Copyright and neighbouring rights.

The Law on Copyright and Neighbouring Rights protects works of science, literature, and the arts (copyright), as well as stage productions and phonograms of radio broadcasting or cable TV organisations (neighbouring rights). Copyright comes into existence automatically when an original work is produced in some tangible form and copyright protection is generally granted without any registration requirements.

An author is usually the person who creates the work. The author is generally the original owner of copyright. Copyright in a work made by an employee in the course of his employment is originally owned by their employer.

The right to use a copyrighted work may be assigned. The assignment or licensing of copyright can be done by means of a written contract. The following assumptions and restrictions are established by law as regards to copyright:

  • If the period for which the rights are assigned or licensed is not specified, the author may terminate it on the expiration of a period of five years subject to six months notice.
  • If the contract does not specify the territory for which the rights are assigned or licensed, the rights concerned by the contract have effect only on the territory of the Russian Federation.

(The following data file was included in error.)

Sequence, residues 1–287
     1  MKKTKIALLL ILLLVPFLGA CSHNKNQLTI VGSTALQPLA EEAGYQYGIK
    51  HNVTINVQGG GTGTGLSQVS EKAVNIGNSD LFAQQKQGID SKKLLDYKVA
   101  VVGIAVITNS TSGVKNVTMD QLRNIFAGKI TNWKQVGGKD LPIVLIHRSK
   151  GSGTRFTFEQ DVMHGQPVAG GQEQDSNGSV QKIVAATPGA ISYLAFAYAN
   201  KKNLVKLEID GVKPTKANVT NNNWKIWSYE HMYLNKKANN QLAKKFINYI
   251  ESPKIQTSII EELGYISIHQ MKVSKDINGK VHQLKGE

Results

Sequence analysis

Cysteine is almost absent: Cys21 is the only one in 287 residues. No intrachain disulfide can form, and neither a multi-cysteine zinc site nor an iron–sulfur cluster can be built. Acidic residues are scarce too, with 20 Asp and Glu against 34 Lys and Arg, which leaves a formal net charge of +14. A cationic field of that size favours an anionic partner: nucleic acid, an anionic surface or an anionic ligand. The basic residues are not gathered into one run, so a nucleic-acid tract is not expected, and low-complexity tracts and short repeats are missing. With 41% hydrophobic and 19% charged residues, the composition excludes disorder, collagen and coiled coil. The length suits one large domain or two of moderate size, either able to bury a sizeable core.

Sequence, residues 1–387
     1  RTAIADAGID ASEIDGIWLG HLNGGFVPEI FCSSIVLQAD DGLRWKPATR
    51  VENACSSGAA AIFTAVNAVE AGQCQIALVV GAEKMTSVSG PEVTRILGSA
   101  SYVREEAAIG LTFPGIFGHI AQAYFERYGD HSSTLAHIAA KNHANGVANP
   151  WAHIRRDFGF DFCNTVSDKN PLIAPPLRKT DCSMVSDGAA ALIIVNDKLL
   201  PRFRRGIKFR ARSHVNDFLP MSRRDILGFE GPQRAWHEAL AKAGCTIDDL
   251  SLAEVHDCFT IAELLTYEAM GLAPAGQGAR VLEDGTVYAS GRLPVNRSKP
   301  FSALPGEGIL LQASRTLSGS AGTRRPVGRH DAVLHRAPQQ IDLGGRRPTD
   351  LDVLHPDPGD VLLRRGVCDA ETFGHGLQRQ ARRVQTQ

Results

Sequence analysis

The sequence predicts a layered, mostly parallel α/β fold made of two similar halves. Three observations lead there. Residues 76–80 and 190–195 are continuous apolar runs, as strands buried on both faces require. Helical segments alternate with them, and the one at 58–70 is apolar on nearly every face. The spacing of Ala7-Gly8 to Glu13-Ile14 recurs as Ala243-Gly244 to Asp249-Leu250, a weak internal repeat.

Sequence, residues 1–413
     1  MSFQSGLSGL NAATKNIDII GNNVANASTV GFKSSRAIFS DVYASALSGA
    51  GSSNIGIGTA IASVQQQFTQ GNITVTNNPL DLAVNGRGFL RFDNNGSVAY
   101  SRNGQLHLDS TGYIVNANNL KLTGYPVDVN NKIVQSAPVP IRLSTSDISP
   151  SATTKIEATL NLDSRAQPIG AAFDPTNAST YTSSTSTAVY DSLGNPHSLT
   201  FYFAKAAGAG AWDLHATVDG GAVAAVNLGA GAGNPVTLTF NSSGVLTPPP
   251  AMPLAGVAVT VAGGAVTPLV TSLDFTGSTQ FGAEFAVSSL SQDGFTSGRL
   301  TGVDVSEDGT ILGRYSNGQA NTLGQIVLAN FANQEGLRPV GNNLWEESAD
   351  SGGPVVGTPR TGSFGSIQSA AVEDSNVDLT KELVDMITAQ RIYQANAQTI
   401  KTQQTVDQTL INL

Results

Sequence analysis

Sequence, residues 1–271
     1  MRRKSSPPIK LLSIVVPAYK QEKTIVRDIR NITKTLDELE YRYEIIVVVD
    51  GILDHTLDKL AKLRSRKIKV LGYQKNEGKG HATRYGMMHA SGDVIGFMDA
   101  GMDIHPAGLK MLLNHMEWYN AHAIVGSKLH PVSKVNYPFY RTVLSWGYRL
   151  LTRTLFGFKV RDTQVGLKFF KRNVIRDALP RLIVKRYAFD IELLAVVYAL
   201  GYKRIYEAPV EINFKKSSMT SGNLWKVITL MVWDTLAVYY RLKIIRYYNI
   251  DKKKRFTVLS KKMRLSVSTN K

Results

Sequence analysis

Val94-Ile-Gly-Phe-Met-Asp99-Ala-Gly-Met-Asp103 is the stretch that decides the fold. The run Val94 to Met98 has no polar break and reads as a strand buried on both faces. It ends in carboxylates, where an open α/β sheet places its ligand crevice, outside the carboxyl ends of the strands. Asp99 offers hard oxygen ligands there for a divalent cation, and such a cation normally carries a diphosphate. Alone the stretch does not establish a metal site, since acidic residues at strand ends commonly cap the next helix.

• All the rights of exploitation of the work that are not expressly assigned or licensed are deemed not to have been assigned or licensed.
  • The contract may not relate to exploitation rights that are not known at the time of its conclusion.
  • The contract must specify remuneration in the form of a percentage of the revenue derived from exploitation of the work unless that is not possible in view of the nature of the work or the particular circumstances of the exploitation.
  • The contract may not relate to exploitation rights arising in connection with works that the author may create in the future.
  • Any clause in the contract that imposes restrictions on the author to create works on a particular subject is invalid.

Copyright is protected for the lifetime of the author(s), plus 70 years after his/her(their) death(s).

Computer programs enjoy protection as literary works, while databases are protected as anthologies. Although registration is not mandatory for protection, an author may voluntarily register with the appropriate agency. The computer program or database is protected for the lifetime of the author(s) plus 50 years after their death(s).

Legal protection is applicable to an original topology of an integrated microcircuit, developed as a result of the author's work. The author has the exclusive right to use the topology and is entitled to prohibit the unauthorised use. Rights in a topology may be transferred fully or partially to others under a contract in writing. Although the registration of a topology is not compulsory for its protection, an author may register it with the appropriate agency. The exclusive right to use the topology is effective for 10 years from the date of its initial use or from the date of the topology's registration, whichever is earlier.